Pakistani artist quietly honors forbidden culture
By Michele Langevine Leiby,
LAHORE, Pakistan — Anyone who approaches the immense carved doors adjacent to Lahore’s famous Cooco’s Den restaurant will get the once-over from a pair of sharp-eyed sentries. If you can make it past these doormen, you will enter an art space unlike any other in Pakistan.
Here, painter Iqbal Hussain has been quietly documenting the lives of the sex workers of Lahore for most of his life. The son of a prostitute, Hussain grew up among the Lahori demimonde.
“I try to paint my own people and my own land as I see it,” said the soft-spoken, bespectacled artist nicknamed Cooco (pronounced “cuckoo”), whose family owns and runs the restaurant. His studio is in his childhood home in the city’s all-but-vanished red-light district, in the shadow of a magnificent mosque.
Hussain, 62, is a controversial figure in Pakistan, not only for his paintings of sex workers but also because of works that proffer scathing commentary on Pakistan’s inclination toward a more and more religiously strict and intolerant society. And while the more liberal-minded art aficionados might appreciate his paintings on an intellectual or aesthetic level, they rarely purchase them. People think the images, highlighting the misery of society’s most vulnerable, will bring them bad luck.
“The rich women, they want art that matches the curtains,” he said.
For centuries, this part of the ancient walled city was the epicenter of a thriving industry of bordellos and dancing girls. In Hussain’s youth, the singing of women filled the air in much the same way the call to prayer does today.
In his romanticized version of old Lahore, the most successful courtesans were renowned for their grace and charm. The wealthiest families sent their daughters to them to be trained in poise and elegance — a harder-edged version of the Swiss finishing school.
As the neighborhood has changed, Cooco’s has become a respectable establishment where middle-class men bring their genteel wives and well-dressed children to dine in the shadow of the beautifully lit Badshahi mosque. The Mughal-style edifice, built in the 1670s, was once considered the largest mosque in the world.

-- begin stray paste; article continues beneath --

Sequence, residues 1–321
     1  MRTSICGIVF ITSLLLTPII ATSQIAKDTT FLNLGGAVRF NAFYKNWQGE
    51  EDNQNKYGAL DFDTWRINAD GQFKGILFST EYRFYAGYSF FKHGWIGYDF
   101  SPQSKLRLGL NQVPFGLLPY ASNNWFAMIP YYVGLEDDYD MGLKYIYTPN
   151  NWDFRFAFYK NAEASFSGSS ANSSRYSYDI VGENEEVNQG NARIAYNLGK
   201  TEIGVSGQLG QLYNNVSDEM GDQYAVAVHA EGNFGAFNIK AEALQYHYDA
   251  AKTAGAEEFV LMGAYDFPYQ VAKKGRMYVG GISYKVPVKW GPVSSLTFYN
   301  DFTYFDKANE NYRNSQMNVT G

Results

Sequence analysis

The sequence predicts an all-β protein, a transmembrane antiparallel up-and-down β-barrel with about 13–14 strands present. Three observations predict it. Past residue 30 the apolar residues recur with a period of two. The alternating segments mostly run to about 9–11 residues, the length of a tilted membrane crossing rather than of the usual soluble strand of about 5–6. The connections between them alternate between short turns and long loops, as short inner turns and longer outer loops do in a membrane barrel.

Hussain remembers the old days well. “For the women in little brothels in Lahore’s red-light district, the best business [was] during Eid,” he said, referring to the major religious holiday.
“There would be a big queue over there,” he said, nodding toward the mosque, “with everyone waiting for their turn.”
The studio is full of treasures: intricately carved wooden objects, Hindu statues and other artifacts from Pakistan’s Mughal past. Some of the pieces had been in the same families for generations. But as Pakistan became more conservative after the military rule of Mohammed Zia ul-Haq in the late 1970s and early 1980s, people began selling them to the well-known artist because having the statues in their homes was seen as un-Islamic.
The more controversial works are propped against the walls, their images hidden. In a back corner, protected by an enormous iron padlock, are the pieces that almost no one gets to see. Hussain produced a key and showed a series of eroticized studies of the female figure, including a couple in an embrace and a reclining semi-nude. He keeps them locked away to avoid being accused of promoting vulgarity.
Not far from Cooco’s, women still ply their trade — but the grace, if it was ever there, is long gone, as they lean into car windows to negotiate their transactions.